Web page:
Myanmar a year after the historic election
Free and unbiased elections are the hallmarks of a democracy, giving citizens an opportunity to be heard.
On Nov. 8, 2015, a historic election was held in Myanmar, which was of interest to many people around the world. It was an election in which the military dictatorship was willing to give power to the people of Myanmar for the first time since 1962.
The people of Myanmar had high hopes for this election because it was the first time that the National League for Democracy (NLD), the party that won by a landslide in the 1990 elections, returned to the ballot box.
Most of the voters surveyed in the rural areas said that although they did not know much about politics, they did not like the ruling USDP government. Rather, they wanted to vote for the NLD because it was led by their mother figure, Daw Aung San Suu Kyi.
Consequently, because the ruling government did not rig the results of the election, the NLD won 82 percent of the 400 seats in parliament, while the USDP won less than 10 percent.
Worries over the smooth transition of power were also quelled after members of the NLD attended the first parliamentary session and consequently formed the executive last April.
Although the constitution could not be amended to allow Daw Aung San Suu Kyi to become president, she was given the title of “state counselor” and became the de facto leader of the government.
Many people thought that the major hurdle would be the smooth transition to power, but the real problems arose after the NLD formed the government.
A year after the historic election, the public is disappointed by the NLD’s policies and principles. Despite several peace talks, the conflicts within the country have escalated over the past few months and gunshots are now being heard in previously peaceful areas.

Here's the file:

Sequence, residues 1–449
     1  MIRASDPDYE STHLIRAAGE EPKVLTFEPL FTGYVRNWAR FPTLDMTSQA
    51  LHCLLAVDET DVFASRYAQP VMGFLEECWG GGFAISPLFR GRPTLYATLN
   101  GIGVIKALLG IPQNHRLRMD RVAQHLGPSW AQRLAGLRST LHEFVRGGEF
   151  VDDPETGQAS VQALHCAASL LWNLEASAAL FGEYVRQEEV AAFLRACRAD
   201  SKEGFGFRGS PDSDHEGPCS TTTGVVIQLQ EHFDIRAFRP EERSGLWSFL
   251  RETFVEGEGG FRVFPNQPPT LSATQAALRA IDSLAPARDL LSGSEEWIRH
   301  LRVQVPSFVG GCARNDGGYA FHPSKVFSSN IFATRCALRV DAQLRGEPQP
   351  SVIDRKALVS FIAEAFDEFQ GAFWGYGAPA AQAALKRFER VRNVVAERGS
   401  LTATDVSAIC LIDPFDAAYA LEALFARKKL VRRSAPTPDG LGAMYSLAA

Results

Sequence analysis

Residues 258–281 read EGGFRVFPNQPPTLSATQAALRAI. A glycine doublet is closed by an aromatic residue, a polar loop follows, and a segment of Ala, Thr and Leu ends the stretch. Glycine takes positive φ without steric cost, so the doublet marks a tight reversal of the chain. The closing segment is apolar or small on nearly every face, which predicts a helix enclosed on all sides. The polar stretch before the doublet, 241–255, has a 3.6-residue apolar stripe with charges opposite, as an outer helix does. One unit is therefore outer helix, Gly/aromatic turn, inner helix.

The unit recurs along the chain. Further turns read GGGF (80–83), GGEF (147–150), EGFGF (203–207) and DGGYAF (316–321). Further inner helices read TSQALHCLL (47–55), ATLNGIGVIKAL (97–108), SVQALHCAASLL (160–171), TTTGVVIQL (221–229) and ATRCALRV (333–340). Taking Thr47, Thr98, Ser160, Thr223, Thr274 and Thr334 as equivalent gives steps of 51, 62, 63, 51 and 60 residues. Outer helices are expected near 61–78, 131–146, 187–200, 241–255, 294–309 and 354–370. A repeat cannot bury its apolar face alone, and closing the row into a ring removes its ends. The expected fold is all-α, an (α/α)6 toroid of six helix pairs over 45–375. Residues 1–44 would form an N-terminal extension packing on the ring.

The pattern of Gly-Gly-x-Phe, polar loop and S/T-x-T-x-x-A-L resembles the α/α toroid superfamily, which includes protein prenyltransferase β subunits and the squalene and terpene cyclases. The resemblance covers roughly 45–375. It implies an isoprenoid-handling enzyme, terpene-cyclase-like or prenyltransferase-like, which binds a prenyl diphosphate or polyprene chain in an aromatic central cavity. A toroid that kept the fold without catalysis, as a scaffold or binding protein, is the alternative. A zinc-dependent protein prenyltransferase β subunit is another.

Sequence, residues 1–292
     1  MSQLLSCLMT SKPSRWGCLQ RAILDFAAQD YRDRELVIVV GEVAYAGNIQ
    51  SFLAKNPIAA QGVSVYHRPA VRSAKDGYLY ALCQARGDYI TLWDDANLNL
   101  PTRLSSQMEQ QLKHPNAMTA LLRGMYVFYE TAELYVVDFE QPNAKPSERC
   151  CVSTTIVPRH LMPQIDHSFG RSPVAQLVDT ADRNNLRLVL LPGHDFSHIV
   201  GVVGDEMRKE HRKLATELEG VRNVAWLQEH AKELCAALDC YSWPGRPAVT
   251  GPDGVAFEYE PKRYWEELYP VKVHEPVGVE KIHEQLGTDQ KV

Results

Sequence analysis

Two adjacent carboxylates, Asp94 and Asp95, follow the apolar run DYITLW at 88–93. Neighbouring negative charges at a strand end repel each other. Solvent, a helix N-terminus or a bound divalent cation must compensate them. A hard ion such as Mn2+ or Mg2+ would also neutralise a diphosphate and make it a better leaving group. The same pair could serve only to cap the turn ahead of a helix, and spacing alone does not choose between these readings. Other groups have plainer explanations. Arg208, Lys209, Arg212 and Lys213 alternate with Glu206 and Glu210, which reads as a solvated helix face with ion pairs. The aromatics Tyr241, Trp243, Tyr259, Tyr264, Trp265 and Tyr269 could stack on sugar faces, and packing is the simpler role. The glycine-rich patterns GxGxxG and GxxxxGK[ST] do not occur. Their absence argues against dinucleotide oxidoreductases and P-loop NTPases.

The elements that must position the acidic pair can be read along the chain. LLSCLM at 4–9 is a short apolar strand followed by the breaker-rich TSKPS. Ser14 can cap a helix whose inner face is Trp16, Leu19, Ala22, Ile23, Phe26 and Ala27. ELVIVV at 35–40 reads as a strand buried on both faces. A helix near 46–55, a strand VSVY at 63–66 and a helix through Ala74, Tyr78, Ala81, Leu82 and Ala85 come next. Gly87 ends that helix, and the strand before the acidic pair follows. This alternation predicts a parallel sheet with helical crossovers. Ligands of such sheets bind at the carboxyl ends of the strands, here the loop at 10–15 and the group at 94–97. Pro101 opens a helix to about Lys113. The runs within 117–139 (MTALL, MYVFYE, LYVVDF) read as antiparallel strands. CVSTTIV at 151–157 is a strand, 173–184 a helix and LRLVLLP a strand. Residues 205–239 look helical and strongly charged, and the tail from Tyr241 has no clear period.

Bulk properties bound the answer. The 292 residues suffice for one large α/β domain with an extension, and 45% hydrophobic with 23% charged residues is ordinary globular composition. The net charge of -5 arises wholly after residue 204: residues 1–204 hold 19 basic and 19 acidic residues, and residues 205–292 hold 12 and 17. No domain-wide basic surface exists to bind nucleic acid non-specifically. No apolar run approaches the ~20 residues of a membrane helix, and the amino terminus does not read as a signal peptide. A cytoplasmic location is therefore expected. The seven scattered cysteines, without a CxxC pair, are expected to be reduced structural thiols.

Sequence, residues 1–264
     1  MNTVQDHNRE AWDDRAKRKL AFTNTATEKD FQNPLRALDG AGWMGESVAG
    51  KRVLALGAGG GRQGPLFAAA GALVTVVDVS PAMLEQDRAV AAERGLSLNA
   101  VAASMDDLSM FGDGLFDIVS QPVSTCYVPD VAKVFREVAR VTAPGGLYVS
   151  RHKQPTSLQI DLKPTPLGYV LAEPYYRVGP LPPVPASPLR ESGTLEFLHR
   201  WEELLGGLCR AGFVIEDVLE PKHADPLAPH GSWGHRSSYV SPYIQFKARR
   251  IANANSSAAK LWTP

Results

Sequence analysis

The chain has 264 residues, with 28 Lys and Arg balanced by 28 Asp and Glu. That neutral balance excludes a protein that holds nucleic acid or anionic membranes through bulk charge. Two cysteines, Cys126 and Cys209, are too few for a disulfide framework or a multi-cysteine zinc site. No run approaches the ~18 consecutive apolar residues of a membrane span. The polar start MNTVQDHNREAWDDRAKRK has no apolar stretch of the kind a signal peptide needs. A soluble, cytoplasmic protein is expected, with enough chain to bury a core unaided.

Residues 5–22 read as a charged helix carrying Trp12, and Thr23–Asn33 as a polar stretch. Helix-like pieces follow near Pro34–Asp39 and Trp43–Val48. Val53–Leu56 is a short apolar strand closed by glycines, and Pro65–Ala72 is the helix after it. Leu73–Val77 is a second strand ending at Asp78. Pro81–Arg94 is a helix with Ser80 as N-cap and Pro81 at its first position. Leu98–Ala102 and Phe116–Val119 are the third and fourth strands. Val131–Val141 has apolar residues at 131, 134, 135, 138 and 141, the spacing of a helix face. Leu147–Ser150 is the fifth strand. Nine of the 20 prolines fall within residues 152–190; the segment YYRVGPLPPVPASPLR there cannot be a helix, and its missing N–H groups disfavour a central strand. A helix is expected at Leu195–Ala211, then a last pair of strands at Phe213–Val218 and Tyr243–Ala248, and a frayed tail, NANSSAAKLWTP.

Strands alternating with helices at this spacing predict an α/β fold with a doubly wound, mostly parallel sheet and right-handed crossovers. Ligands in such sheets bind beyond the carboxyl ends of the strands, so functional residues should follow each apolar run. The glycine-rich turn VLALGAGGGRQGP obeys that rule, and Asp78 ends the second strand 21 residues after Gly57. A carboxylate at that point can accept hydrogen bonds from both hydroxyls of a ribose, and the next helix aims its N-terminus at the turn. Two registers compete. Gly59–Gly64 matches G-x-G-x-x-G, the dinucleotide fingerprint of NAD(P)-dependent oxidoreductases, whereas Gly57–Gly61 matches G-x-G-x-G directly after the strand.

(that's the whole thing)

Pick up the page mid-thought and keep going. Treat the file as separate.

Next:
In the northern state of Rakhine, in the predominantly Muslim areas, violence and extremism have resurfaced.
Across the country, commodity prices have increased at an alarming rate and inflation is in the double digits. The government has been largely unable to address the problem of growing income inequality.
Demonstrations and protests have occurred in numerous places and for a variety of reasons. The NLD has also failed to tackle the corruption and crony capitalism that were prevalent in the previous government.
Citizens have become disappointed with the close ties that some NLD members formed with crony capitalists. The newly elected NLD officials’ rosy relations with the corrupt officials from the previous bureaucracy are grave concerns for the Myanmar people.
In social media, stories have circulated about a newly elected minister, making just $2,500 a month, being seen wearing a $100,000 Patek Philippe watch. For many Myanmar people who make $2 a day, this is a source of great disbelief and resentment.
The individual who allegedly gave this “gift” to the elected minister was recently released from jail after serving time for his involvement in a drugs case. After the NLD came to power, this individual’s project for building a new city was approved.
Still, one year after the election, although the government has shown despicable behavior, many of the Myanmar people are still hopeful that change will come. And they are optimistic that the government will delegate responsibility and power.
Elections are just one component of a democracy. The Myanmar people have still not tasted the full flavor of democracy, which includes the rule of law, fair judicial system, and clean governance. Their relatively quiet acceptance of these pressing issues is a source of great astonishment.
There is great anticipation regarding the US elections on Nov 8.
In a similar vein, a year after the elections of Nov. 8, 2015, the people of Myanmar are still anxiously waiting for the reforms that the NLD government promised and the perceived celestial powers that they believe Ms. Suu Kyi is capable of wielding
We are still hoping. We are still waiting.
Than Htut Aung is CEO of Eleven Media Group, Myanmar, and a board member of the Asia News Network.
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